Tips for Complying with the Americans with Disabilities Act during the COVID-19 pandemic

Many dental practices are implementing new policies to help stop the spread of coronavirus. But what if a patient with a disability can’t comply with the new policies? Offering reasonable modifications to these policies can help manage legal risk under disabilities laws. Remember that while enforcement of certain laws has been modified due to the pandemic, disabilities laws are still in full force and effect.

When implementing new COVID-related policies and procedures, what are some steps a dental practice can take to help reduce the risk of a claim under disabilities laws?

Changes to a dental practice’s policies and procedures to help prevent virus transmission might present legal risk under disabilities laws such as the Americans with Disabilities Act and Section 1557 of the Affordable Care Act. These risks can be lowered by providing appropriate reasonable modifications and accommodations to individuals with disabilities who are unable to comply with the new policies and procedures. While enforcement of certain laws has been modified due to the pandemic, disabilities laws are still in full force and effect.

A dental practice can help reduce legal risk by:

  • documenting policy changes to help prevent COVID-19, and the scientific basis for the policies, citing scientific authority such as the U.S. Centers for Disease Control;
  • planning in advance to offer reasonable modifications and accommodations to individuals who are not able to comply with the policies due to a disability; and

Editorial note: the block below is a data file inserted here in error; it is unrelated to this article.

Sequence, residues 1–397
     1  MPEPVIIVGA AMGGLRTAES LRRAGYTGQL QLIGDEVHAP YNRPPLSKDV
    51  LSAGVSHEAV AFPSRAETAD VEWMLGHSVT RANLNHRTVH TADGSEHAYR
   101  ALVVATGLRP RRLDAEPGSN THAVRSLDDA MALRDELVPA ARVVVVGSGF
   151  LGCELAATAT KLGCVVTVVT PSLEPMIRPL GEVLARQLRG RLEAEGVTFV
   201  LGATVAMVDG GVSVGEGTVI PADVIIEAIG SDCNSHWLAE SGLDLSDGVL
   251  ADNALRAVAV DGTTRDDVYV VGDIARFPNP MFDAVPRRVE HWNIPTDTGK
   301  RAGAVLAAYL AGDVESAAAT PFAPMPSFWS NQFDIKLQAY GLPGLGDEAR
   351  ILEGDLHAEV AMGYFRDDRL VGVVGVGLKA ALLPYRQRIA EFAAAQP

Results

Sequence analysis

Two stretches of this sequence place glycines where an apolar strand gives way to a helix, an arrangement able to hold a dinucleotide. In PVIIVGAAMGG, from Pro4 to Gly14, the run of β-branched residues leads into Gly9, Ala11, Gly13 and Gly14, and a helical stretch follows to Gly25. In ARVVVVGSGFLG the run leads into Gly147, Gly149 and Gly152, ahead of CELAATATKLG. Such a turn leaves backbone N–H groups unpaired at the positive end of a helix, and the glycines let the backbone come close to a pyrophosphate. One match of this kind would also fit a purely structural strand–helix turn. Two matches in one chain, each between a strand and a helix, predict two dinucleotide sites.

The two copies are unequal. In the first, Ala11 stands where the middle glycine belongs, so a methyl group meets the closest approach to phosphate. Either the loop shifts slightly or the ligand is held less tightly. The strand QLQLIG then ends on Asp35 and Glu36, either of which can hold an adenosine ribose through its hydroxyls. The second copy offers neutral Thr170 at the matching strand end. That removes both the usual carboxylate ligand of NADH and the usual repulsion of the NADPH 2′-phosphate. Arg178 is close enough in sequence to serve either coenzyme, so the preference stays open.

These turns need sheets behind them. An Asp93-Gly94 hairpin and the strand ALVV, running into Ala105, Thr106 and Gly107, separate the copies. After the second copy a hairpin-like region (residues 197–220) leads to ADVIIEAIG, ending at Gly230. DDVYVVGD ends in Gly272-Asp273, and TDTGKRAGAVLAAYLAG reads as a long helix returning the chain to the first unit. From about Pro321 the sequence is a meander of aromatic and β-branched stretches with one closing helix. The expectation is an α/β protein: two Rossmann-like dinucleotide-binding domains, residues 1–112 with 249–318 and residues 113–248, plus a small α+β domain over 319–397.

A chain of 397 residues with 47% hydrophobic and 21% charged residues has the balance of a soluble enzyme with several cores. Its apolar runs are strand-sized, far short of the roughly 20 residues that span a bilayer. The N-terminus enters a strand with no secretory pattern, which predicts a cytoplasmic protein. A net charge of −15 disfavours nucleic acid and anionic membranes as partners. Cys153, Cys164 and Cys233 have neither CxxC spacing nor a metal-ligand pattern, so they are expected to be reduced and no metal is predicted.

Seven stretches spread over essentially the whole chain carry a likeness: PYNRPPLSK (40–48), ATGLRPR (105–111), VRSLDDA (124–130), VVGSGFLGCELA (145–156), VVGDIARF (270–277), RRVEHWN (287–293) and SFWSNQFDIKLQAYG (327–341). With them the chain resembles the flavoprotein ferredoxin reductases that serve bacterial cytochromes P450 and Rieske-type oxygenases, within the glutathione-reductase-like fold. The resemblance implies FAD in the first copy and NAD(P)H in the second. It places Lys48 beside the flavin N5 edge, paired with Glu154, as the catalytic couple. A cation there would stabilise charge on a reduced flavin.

• alerting patients of new policies, such as a requirement to wear masks, in advance of their appointments and instructing patients to notify the practice in advance if their disability requires accommodation.

Working with an attorney can help ensure policies and possible modifications comply with applicable federal, state and local disabilities laws.

If your dental practice has adopted a policy restricting non-patients from accompanying patients due to the Covid-19 risk, you may need to modify the policy when necessary to account for the needs of people with disabilities. The U.S. Department of Justice addresses this issue at (scroll down to “Can a hospital or medical facility exclude all ‘visitors’ even where, due to a patient’s disability, the patient needs help from a family member, companion, or aide in order to equally access care?”).

Consult the ADA’s resource Checklist: Planning Reasonable Modifications for Individuals with Disabilities (ADA member log-in required) for suggestions on how your practice might offer reasonable modifications to an individual with a disability who cannot comply with policy and procedure implemented to help prevent coronavirus transmission. That resource includes some questions that a dental practice may wish to consider when planning to accommodate individuals with disabilities during the pandemic, along with some possible modifications, and spaces for the dental practice to document other suggestions and action steps.